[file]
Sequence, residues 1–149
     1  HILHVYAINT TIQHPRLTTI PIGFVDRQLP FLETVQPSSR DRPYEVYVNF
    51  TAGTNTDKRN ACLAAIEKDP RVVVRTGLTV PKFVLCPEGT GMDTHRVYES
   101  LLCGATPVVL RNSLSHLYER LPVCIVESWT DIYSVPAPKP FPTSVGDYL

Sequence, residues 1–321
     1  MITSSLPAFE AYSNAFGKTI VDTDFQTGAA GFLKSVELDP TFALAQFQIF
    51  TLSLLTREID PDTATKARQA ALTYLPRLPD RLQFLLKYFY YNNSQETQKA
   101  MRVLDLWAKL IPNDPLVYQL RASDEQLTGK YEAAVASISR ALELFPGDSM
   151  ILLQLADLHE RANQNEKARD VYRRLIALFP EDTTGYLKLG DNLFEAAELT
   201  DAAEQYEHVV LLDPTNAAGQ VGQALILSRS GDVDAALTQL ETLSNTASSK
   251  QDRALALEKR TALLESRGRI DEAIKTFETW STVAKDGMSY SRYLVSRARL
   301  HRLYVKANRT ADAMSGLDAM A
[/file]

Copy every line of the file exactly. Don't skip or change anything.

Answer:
Sequence, residues 1–149
     1  HILHVYAINT TIQHPRLTTI PIGFVDRQLP FLETVQPSSR DRPYEVYVNF
    51  TAGTNTDKRN ACLAAIEKDP RVVVRTGLTV PKFVLCPEGT GMDTHRVYES
   101  LLCGATPVVL RNSLSHLYER LPVCIVESWT DIYSVPAPKP FPTSVGDYL

Sequence, residues 1–321
     1  MITSSLPAFE AYSNAFGKTI VDTDFQTGAA GFLKSVELDP TFALAQFQIF
    51  TLSLLTREID PDTATKARQA ALTYLPRLPD RLQFLLKYFY YNNSQETQKA
   101  MRVLDLWAKL IPNDPLVYQL RASDEQLTGK YEAAVASISR ALELFPGDSM
   151  ILLQLADLHE RANQNEKARD VYRRLIALFP EDTTGYLKLG DNLFEAAELT
   201  DAAEQYEHVV LLDPTNAAGQ VGQALILSRS GDVDAALTQL ETLSNTASSK
   251  QDRALALEKR TALLESRGRI DEAIKTFETW STVAKDGMSY SRYLVSRARL
   301  HRLYVKANRT ADAMSGLDAM A